|Trans||Internet-Zeitschrift für Kulturwissenschaften||16. Nr.||Februar 2006|
George Echu (University of Yaounde I)
The section entitled "Cultural Dynamism and Language Contact" dwells on the premise that in spite of the negative consequences of language contact, this phenomenon is highly productive and innovative as it gives rise to new forms of expression, new idioms and new cultural realities. The papers presented by the different speakers share virtually the same linguistic preoccupations, given that they dwell on common themes in the area of language contact such as linguistic borrowing, loan translation, code switching, code mixing, interference and linguistic innovation within different socio-cultural contexts and language communities.
In the opening paper, George Echu highlights the situation of the French language in Cameroon today, a language that is undergoing pidginisation as observed through two distinct but related varieties of French: Cameroon Popular French and Camfranglais. Both varieties resort to extensive borrowing, reduplication, simplification at the morphological, lexical and syntactic level, and the use of indigenous language calques. Another paper that examines the French language in Cameroon is that presented by Bernard Mulo Farenkia on the issue of verbal politeness and culture contact as observed through forms of address in Cameroon French. From the speaker's point of view, these polite forms reveal the complex multilingual and multicultural language situation in Cameroon, characterized by innovative forms of address that contribute to language dynamism.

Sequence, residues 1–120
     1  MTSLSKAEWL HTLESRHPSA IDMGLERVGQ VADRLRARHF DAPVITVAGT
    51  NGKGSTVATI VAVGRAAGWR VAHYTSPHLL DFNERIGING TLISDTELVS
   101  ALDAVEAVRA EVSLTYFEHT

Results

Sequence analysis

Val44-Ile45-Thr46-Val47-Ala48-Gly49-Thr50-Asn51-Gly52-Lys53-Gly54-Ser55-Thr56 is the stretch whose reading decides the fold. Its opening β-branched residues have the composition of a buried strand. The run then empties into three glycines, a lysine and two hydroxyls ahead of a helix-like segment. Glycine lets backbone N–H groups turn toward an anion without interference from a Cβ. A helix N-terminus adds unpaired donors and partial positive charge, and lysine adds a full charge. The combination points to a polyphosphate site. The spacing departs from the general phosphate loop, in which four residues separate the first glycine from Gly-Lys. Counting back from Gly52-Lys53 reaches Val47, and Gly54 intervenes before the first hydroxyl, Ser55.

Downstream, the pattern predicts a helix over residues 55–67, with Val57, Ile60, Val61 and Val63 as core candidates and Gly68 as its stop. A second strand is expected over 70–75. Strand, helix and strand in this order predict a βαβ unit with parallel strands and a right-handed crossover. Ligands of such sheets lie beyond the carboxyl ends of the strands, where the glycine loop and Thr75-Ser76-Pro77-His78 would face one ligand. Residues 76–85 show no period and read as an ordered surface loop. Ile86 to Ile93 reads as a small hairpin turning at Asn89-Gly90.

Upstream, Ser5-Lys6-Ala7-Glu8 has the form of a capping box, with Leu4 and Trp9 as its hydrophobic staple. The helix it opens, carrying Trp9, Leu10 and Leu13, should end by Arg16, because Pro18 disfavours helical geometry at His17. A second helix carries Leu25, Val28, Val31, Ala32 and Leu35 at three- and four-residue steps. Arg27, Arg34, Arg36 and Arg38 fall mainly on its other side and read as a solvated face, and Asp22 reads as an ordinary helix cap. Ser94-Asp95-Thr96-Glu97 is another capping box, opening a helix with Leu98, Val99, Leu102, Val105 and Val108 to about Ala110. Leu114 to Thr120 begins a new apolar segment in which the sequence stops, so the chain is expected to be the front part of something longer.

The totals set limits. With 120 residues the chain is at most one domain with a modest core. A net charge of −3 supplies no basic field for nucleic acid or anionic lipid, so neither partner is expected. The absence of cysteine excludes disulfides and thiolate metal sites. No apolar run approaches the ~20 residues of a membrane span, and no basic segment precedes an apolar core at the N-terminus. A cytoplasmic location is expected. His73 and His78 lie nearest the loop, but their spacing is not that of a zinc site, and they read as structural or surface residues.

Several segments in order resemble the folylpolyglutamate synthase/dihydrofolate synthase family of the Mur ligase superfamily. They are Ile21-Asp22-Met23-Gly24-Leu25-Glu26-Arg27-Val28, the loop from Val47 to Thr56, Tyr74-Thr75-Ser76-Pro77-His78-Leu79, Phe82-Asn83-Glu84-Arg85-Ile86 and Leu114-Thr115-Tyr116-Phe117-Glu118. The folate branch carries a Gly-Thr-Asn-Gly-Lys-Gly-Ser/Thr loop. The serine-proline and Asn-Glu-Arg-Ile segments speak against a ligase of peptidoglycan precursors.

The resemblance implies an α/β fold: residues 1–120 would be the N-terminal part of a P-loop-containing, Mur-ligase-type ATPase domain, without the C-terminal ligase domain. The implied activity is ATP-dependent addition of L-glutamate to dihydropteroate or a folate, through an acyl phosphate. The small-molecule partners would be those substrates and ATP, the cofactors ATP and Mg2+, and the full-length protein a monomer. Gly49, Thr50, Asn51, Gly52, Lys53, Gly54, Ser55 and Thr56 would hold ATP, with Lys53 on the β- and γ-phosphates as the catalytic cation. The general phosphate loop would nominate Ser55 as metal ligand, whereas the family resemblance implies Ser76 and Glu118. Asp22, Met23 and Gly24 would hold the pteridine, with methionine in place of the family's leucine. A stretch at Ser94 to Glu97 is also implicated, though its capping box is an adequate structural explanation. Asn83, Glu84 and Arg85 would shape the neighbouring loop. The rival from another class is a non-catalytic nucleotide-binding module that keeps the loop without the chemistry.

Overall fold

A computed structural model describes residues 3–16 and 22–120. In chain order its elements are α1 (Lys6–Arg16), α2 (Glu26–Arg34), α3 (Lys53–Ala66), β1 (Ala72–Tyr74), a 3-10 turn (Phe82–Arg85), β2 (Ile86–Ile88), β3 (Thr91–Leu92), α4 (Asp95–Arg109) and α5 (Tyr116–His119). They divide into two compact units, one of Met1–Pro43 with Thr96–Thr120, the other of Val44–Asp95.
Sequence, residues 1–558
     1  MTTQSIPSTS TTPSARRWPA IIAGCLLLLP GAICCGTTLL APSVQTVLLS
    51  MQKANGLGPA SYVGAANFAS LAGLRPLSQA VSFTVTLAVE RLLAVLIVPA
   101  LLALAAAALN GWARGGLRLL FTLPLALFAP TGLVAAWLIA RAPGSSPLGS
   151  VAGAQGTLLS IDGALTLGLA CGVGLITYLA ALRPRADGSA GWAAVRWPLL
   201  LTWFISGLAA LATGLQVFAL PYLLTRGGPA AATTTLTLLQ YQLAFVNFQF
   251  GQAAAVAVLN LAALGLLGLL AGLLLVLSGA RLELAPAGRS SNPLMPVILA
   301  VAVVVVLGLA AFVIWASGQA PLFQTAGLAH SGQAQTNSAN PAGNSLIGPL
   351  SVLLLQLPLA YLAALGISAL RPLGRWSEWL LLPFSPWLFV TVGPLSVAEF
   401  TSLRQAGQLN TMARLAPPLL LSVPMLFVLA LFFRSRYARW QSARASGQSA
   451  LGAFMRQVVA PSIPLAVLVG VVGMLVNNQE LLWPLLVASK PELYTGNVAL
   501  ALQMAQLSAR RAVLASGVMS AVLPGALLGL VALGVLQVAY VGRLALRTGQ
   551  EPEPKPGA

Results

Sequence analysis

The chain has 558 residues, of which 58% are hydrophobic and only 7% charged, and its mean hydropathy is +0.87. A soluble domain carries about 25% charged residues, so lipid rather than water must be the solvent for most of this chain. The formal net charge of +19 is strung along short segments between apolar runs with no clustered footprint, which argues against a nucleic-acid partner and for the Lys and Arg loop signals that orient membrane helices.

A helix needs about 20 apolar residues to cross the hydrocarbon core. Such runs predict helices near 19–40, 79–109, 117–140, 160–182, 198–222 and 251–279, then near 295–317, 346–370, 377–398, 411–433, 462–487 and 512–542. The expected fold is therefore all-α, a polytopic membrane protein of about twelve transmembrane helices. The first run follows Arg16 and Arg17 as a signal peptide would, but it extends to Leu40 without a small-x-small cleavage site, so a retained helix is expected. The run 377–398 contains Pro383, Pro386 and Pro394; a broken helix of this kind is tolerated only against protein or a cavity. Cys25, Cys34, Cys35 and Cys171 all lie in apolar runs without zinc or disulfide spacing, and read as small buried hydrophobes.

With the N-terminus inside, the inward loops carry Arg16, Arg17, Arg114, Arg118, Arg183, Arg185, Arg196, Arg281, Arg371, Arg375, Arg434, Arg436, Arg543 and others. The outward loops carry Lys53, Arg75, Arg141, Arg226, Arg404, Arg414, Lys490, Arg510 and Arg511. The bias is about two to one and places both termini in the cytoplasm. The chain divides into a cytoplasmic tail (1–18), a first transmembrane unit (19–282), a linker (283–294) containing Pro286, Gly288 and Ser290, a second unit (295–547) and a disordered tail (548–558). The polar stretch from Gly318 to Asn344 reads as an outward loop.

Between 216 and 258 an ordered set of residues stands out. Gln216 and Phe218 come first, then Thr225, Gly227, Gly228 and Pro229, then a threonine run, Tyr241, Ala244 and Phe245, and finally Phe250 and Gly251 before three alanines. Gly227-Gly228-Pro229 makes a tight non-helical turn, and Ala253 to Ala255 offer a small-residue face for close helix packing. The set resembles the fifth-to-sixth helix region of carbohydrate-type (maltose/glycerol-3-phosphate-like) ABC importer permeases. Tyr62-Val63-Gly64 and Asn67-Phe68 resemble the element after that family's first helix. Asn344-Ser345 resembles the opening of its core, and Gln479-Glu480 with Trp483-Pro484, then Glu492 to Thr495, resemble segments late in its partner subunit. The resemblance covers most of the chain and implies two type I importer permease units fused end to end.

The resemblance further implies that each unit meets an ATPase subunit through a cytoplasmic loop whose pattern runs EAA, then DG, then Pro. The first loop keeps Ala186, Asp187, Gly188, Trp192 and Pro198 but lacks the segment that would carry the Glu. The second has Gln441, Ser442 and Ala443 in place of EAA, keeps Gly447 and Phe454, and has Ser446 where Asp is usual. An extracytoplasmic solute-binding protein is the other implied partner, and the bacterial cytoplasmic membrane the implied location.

Ellie Boyadzhiva's paper entitled "Language Change and Social Practices - the Mirror Effect" considers borrowing as one of the main sources of language change. Her presentation focuses on the acceptability of recent anglicisms in Bulgarian, and how these anglicisms help to remodel the picture of the world in the minds of the Bulgarian users of English. Closely following this vision is the paper on "The Consequences of Using English as an International Means of Communication: Its Impact on other languages and Its Inner Change". Approaching the problematic from a Bulgarian point of view, Stanislava Kostadinova shows the influence that English and its new world culture exert on Bulgarian.
Another interesting contribution is that presented by Eva Eppler. Using a corpus drawn from the bilingual speech (English/German) of Viennese Jewish refugees living in London, the paper examines code-switches, borrowings, loan shifts and loan blends as productive and innovative processes that create new and subtle shades of cultural meaning.
The paper presented by Julia Epshtein on work ethics of the Russian worker as observed through language probes into the vocabulary and proverbs of the Russian language both through a minimalist and maximalist perspective.
A fascinating and original contribution on "Language Contact in the German-Austrian Language Island of Núcleo João Pinheiro (Brazil)" came from Christiane Pabst. This language island is inhabited by descendants of protestant immigrants from the cities of Hamburg, Stuttgart and Vienna. Thus the Austrian-German dialect used by these immigrants is influenced by Brazilian Portuguese, as evidenced from both linguistic and cultural interference.
The last paper of the panel presented by Ivanka Sakareva dwells on the external influences the Bulgarian language has undergone, especially as far as loanwords are concerned. The speaker observes that such loanwords are more often used to the detriment of Bulgarian words.
The conclusion to be drawn from the contributions and debate that followed is that while enriching language in several ways, the contact phenomenon contributes enormously to cultural dynamism.
© George Echu (University of Yaounde I)
1.5. Cultural Dynamism and Language Contact
Sektionsgruppen | Section Groups | Groupes de sections
Inhalt | Table of Contents | Contenu 16 Nr.